“I think in some ways this is quite an apt representation of the way we are employing our mobile phones. We do not have screens in all our furniture, but we do have a screen which we take everywhere.”
Other key pieces in the show include Supersurface by Italian form group SuperStudio, which was first presented in 1972 at a Museum of New-fashioned Art (MoMA) exhibition in New York called “Italy: The new domestic landscape”. The forms now appear in the “living on the move” section.
Steierhoffer votes: “The idea the designers had was that all of the man-built environment would be replaced by this pandemic grid which would cancel all the previous hierarchies and instate a new institute in which there would be no labour and where no object ownership is essential because everything is equally redistributed. People will be able to animate in a truly nomadic manner.”
“Though it sounds wonderful as an idea, the twins look quite dystopian,” she says, explaining that the piece was engendered when Italy was going through “political and economic turmoil” and was in view more as a statement than an actual prediction.
It has become “quite an apt symbolism of how we live today”, she says, due to the internet “redistributing knowledge” and making people sundry “globally connected” and “mobile” than before.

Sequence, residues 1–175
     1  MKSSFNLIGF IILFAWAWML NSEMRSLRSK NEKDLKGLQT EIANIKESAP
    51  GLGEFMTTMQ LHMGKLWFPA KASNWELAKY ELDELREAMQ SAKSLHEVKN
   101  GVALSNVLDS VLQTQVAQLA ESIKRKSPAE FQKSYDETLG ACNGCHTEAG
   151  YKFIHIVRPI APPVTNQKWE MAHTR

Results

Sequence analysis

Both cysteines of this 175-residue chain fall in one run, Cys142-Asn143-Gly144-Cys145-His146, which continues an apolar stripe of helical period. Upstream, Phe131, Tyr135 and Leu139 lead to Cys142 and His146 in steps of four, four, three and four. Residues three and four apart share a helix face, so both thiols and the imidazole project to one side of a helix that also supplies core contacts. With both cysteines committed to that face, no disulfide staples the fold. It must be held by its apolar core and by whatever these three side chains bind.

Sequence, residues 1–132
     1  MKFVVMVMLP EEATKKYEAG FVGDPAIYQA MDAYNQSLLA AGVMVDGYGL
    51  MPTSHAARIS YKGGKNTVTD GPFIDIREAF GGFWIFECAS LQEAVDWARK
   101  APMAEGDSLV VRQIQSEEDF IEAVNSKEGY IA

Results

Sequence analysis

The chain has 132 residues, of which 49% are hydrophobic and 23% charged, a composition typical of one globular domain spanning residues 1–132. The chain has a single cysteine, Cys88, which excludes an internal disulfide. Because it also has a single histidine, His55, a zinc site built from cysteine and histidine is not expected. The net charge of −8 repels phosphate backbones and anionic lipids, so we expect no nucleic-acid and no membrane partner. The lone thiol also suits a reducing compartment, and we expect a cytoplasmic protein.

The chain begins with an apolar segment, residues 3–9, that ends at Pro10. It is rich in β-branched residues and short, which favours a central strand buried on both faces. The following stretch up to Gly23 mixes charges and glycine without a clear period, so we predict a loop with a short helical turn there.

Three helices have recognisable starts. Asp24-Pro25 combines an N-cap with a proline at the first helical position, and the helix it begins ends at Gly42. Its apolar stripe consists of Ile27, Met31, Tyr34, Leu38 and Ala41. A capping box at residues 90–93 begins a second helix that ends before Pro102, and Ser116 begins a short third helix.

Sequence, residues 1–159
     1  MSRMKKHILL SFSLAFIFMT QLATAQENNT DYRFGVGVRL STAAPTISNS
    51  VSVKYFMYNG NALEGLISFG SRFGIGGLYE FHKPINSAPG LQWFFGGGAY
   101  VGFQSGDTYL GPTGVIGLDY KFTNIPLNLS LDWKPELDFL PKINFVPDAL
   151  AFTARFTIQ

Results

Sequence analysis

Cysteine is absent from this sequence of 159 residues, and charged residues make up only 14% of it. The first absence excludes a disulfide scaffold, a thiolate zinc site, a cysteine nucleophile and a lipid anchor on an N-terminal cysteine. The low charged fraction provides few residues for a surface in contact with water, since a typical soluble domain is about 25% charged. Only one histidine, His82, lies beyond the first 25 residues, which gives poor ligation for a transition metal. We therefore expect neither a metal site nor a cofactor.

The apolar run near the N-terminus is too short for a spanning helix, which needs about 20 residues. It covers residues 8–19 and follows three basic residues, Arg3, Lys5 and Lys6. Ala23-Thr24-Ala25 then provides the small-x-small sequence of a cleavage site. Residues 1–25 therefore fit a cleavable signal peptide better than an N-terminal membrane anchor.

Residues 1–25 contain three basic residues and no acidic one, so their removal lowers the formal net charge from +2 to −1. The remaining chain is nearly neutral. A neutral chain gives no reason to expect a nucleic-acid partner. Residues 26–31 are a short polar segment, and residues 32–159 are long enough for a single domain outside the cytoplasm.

Juxtapositions of similar impressions from then and now feature throughout. In the “living with less” department, a model of Joe Colombo’s Total Furnishing Unit, a hybrid piece of accoutrements which can be transformed for multiple different uses is presented next to a more late film by Hong Kong-based architect, Gary Chang, who explores easy design by reconfiguring his small apartment by pushing walls around, to invent 24 different rooms.
Other highlights take in a “mobile office” inside an inflatable bubble designed in the 1960s. “I mark this very much encapsulates what we are doing today with our laptops,” the curator votes.
“The bubble is not there but there is an invisible infrastructure … we live in algorithmic carbonations.”
The three-dimensional (3D) design of the exhibition, by So-il design studio, references the “porousness” and “fluidity” between the inside and excluded worlds with the use of “semi-transparent walls that are almost breathing,” Steierhoffer communicates.